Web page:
46overall cache access behavior of the application resulting in
     47significantly fewer misses and better utilization.  Parabix also
     48dramatically reduces branches in parsing code resulting in a more
     49efficient pipeline and substantially improves register/cache
     50utilization which minimizes energy wasted on data transfers.
     51
     52We apply Parabix technology to the problem of XML parsing and develop
     53several implementations for different computing platforms.  XML is a
     54particularly interesting application; it is a standard of the web
     55consortium that provides a common framework for encoding and
    5856communicating data.  XML provides critical data storage for
    5957applications ranging from Office Open XML in Microsoft Office to NDFD
     
    6159Castor XML in the Martian Rovers, a XML data in Android phones.  XML
    6260parsing efficiency is important for multiple application areas; in
    63 server workloads the key focus in on overall transactions per second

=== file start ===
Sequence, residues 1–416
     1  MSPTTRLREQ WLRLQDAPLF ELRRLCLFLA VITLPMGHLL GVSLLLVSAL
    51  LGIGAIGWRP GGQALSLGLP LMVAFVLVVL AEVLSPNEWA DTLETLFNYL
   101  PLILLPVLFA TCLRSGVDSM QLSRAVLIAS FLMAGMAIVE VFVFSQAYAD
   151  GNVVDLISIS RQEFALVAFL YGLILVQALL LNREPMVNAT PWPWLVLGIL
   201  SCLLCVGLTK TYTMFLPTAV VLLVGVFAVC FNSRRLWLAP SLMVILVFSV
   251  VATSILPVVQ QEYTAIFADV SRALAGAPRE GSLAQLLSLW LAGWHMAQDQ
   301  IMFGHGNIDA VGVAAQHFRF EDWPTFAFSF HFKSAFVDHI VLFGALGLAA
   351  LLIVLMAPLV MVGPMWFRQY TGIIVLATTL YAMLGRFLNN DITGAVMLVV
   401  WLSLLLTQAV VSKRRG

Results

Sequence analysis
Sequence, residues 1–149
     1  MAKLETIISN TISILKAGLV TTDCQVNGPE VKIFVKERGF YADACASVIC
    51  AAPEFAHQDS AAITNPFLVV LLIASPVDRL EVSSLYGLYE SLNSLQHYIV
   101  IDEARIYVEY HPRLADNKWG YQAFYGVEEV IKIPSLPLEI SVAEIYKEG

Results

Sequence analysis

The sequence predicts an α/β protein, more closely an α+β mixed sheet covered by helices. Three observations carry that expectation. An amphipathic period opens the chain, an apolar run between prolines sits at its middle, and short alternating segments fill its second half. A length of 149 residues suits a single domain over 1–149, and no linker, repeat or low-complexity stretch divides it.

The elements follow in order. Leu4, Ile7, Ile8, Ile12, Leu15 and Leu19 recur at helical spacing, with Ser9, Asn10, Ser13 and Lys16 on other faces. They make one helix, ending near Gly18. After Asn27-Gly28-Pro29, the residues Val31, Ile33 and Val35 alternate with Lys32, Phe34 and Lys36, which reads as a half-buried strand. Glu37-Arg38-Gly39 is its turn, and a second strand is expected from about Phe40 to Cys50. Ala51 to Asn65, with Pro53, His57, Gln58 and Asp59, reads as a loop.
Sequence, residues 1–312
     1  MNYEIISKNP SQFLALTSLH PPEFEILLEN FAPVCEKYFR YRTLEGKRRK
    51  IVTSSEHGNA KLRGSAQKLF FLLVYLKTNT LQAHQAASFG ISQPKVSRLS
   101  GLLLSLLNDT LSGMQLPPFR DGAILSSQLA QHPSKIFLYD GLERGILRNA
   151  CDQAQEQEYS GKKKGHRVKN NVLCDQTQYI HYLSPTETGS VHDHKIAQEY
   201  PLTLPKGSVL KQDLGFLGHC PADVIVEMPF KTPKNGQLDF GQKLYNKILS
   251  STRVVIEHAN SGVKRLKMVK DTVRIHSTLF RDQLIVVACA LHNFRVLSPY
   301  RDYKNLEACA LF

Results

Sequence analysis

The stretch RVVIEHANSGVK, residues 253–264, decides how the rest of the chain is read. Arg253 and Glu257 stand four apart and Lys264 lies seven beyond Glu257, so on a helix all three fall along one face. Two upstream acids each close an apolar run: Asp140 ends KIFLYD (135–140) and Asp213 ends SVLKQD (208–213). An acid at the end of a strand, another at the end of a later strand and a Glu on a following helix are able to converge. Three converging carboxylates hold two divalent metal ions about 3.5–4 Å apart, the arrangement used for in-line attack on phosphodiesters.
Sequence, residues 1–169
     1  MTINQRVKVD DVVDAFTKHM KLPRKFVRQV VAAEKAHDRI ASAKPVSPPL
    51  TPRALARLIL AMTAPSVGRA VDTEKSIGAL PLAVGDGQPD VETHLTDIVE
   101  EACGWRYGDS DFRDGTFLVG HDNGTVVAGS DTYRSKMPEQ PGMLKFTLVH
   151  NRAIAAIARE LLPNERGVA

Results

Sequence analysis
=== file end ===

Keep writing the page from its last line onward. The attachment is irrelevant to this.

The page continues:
64 while in applications in the network switches and cell phones latency
    65 and the energy cost of parsing is of paramount
    66 importance.   Traditional software-based XML parsers have many
    67 inefficiencies due to complex input-dependent branching structures
    68 leading to considerable branch misprediction penalties as well
    69 as poor use of memory bandwidth and data caches due to byte-at-a-time
    70 processing and multiple buffering.  XML ASIC chips have been around for over 6
    71 years, but typically lag behind CPUs in technology due to cost
    72 constraints. Our focus is how much can we improve performance of the
    73 XML parser on commodity processors with Parabix technology.
     61server workloads the key focus in on overall transactions per second,
     62while in applications in the network switches and cell phones, latency
     63and the energy are of paramount importance.  Traditional
     64software-based XML parsers have many inefficiencies due to complex
     65input-dependent branching structures leading to considerable branch
     66misprediction penalties as well as poor use of memory bandwidth and
     67data caches due to byte-at-a-time processing and multiple buffering.
     68XML ASIC chips have been around for over 6 years, but typically lag
     69behind CPUs in technology due to cost constraints. Our focus is how
     70much can we improve performance of the XML parser on commodity
     71processors with Parabix technology.
    7472
    7573In the end, as summarized by